A measure of connectedness in graph theory

From Wikipedia:

A complete graph is a simple undirected graph in which every pair of distinct vertices is connected by a unique edge. A tree is an undirected graph in which any two vertices are connected by exactly one path. To me, these two types of graphs seem like some kind of opposites in terms of connectivity. I have been searching online for a graph property that reflects this difference, like Wiener index, circuit rank, strength, etc.

I couldn't find a property that measures the thing I desire: something like an averaged number that defines a node's connectivity to more than 1 node. A normalized value that should be minimum for a tree e.g. ~0 and maximum for a complete graph e.g. ~1.

Does such a measure exist in literature?

• Check out average clustering it's a measure of how connected a graph is. Another useful concept is density – Don Thousand Aug 20 '18 at 14:42
• Use the number of spanning trees divided by $n^{n-2}$? – Somos Aug 20 '18 at 19:53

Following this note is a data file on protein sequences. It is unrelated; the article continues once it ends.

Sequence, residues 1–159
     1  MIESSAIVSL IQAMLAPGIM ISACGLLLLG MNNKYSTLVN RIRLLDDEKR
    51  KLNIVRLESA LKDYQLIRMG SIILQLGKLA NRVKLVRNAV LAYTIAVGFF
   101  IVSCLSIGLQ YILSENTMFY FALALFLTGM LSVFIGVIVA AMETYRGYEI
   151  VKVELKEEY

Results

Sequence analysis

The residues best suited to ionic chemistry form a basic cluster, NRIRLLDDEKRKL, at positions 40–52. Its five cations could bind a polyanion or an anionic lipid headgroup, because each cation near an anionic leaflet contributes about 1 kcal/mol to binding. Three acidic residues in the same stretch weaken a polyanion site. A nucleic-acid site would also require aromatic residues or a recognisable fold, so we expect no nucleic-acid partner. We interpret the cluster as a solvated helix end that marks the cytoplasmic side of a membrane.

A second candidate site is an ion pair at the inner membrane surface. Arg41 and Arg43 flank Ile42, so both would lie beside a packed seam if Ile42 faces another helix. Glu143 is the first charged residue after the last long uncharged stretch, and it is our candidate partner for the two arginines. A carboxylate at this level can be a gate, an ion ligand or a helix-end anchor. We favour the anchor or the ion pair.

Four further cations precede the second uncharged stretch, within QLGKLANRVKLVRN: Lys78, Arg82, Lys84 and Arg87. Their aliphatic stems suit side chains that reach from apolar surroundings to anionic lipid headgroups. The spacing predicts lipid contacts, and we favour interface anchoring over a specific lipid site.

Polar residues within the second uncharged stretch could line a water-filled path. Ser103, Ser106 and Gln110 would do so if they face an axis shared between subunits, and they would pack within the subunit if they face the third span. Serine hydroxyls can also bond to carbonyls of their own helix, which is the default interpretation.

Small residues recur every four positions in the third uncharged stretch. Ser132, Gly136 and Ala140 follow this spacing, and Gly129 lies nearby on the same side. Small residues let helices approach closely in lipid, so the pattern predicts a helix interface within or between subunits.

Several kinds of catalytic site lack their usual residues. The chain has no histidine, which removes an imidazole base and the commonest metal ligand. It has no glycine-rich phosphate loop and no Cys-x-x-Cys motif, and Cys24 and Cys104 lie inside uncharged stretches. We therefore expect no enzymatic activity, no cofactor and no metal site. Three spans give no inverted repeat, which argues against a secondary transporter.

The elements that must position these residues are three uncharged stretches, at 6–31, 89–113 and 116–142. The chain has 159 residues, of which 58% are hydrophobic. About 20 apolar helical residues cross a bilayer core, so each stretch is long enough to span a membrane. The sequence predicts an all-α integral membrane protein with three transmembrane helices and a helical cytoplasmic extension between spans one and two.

• If we require the graphs be connected, a graph of $n$ vertices has between $n-1$ and $\binom{n}{2}$ edges. These endpoints are necessarily trees and complete graphs respectively. Counting the edges could thus provide a very simple measure. – Kajelad Aug 20 '18 at 22:26
• Well but there are a lot of measures of connectedness though that have been the focus of research. There are plenty of papers in the literature that study the bisection width, and $\frac{|E(S,|\bar{S})|}{\min\{|S|,|\bar{S}| \}}$, as well as more basic $k$-connectedness – Mike Aug 21 '18 at 1:06
• There is even a whole stream of many many papers devoted to the construction of expander graphs, which are sparse graphs that are highly connected [if you want to find a balanced cut of an expander $G$ you need to cut a large fraction of the edges and/or vertices]. – Mike Aug 21 '18 at 1:26